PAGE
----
Meanwhile, Latino Review posted an article yesterday claiming that Kick-Ass star Aaron Taylor-Johnson has been confirmed as Pietro Maximoff, the Scarlet Witch's brother Quicksilver.  They also quoted a Total Film article from August in which Taylor-Johnson discusses the character.

"There's years -- over fifty years -- of backstory on him all there to use, and I like doing that. Him and his sister [Scarlet Witch] have been abandoned by their parents and their father, and they grew up in Eastern Europe defending and looking out for themselves and each other.  His sister really is his guidance.  Emotionally she's the one who looks after him, and vice versa.  He's very overprotective physically.  He doesn't want anyone touching her.  He has real anger frustration.  I like that.  I always thought it'd be quite funny if you saw him eating loads and people asked him why and he'd explain it's because he's burning so much energy all the time.  Or ideas that you'd see him come back round, but he's already nipped out and got his lunch somewhere else.  He just got bored.  His attention span is so fucking quick."

On the subject of his depiction of Quicksilver, Taylor-Johnson added, "That's what we're in talks about really, right now -- how I could become that character and not feel forced.  I might not look right with white hair, and the accent may be wrong...It just doesn't work like that."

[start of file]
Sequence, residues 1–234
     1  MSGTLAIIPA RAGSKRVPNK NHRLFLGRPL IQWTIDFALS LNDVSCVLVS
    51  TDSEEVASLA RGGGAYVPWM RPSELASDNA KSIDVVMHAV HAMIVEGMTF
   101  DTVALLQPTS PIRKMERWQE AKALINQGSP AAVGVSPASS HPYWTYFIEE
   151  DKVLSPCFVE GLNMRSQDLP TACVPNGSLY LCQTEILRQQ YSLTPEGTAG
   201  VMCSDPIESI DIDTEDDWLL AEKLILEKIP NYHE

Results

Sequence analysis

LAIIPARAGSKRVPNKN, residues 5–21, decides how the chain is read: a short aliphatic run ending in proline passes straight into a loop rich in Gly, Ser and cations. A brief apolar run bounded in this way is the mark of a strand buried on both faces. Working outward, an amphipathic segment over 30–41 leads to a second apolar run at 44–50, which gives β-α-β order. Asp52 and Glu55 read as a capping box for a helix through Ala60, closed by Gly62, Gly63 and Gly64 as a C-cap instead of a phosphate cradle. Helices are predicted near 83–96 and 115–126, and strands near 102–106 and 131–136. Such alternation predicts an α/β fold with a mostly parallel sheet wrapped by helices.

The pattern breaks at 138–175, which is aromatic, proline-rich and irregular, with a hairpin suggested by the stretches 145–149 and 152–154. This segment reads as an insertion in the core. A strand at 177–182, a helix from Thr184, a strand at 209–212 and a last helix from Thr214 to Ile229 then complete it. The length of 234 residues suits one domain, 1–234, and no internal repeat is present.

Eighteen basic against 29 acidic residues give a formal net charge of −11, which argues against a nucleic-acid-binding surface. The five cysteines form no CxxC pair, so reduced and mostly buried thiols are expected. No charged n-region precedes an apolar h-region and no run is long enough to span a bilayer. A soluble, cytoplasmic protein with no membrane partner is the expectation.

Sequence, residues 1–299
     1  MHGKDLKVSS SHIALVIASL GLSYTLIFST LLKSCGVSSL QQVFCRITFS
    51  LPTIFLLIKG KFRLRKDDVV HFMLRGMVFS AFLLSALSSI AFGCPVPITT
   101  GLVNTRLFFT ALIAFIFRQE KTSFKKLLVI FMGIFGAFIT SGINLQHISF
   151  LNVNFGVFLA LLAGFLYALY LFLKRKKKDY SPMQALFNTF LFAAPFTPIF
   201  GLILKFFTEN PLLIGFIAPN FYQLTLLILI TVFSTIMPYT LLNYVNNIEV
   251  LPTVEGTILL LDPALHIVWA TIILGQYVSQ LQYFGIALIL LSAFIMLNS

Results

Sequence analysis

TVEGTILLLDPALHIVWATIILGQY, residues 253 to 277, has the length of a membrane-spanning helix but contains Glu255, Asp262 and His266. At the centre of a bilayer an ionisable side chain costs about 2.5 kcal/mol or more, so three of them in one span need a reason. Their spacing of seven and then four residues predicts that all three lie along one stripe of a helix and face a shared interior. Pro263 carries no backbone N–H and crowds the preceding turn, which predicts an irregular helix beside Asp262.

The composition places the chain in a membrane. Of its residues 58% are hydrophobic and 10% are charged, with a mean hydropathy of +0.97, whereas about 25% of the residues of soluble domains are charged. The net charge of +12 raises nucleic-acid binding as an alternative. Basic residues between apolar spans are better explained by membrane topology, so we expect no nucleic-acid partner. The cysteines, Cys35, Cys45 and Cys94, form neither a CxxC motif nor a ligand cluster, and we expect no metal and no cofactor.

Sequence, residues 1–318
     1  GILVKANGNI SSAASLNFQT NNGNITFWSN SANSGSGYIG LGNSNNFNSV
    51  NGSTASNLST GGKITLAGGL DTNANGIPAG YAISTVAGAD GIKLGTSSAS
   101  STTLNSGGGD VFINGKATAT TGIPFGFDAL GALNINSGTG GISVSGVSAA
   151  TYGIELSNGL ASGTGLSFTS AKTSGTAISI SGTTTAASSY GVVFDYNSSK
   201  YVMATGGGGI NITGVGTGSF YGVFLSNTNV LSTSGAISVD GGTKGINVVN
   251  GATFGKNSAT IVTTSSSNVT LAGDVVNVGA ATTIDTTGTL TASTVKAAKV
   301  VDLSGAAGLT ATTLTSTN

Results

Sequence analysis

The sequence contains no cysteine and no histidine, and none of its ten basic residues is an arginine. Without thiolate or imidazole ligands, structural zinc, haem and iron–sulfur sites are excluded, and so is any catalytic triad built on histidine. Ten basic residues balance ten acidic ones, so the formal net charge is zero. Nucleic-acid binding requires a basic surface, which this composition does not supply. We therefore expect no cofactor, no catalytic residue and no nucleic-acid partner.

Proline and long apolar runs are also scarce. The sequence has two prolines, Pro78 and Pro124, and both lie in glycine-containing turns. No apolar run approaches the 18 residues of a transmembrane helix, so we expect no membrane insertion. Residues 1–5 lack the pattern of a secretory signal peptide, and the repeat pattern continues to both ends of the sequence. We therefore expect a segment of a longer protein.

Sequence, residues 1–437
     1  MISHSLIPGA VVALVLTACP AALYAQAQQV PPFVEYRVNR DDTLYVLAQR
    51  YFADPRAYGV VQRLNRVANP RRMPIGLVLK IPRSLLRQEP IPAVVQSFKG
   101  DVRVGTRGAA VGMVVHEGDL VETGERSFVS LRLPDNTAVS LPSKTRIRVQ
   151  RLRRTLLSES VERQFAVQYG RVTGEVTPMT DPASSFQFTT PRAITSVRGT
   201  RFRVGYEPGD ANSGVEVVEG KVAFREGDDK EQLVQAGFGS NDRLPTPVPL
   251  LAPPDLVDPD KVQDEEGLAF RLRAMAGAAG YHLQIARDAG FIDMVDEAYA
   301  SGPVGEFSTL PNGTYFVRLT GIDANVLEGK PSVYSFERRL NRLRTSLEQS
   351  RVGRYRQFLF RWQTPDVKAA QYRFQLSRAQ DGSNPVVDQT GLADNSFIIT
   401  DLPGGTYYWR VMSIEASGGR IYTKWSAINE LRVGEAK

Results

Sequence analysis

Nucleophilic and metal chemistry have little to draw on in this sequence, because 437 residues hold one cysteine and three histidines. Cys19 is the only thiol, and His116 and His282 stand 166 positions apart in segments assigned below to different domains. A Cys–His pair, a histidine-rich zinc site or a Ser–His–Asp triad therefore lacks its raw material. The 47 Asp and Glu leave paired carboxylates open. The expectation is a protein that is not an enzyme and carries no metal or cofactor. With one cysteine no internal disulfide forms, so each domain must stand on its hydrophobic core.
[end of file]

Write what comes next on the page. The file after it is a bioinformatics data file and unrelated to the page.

The Avengers: Age of Ultron is slated for release in theaters on May 1, 2015.


Tuesday, October 1, 2013

ARROW Season 2 Spoilers Including Barry Allen


As the CW series Arrow enters its second season, the strict "no superpowers" rule has been abandoned with the addition of Grant Gustin as DC Comics character Barry Allen, destined to become the superhero known as The Flash.

TVLine has offered up some spoilers for Arrow's sophomore year, including new details on Barry's depiction and how he interacts with Team Arrow.  "He has a very easy relationship with Felicity [Smoak], because Barry’s a forensic scientist," said executive producer Andrew Kreisberg during TVLine’s visit to the show's Vancouver set.  "He’s young and a little socially awkward, like she is, so there’s a lot of fun with that."

Barry is described in the article as "a bit of a fanboy" when it comes to Oliver Queen's alter ego The Hood, even though the two characters are very different.  "He comes to Starling City," said Kreisberg, "and he says to [Felicity], ‘I heard the vigilante saved you.  What’s he like?’"  Barry's time in Starling City is "definitely going to have an impact…because he’s seen that it’s possible to put on a mask and change the world."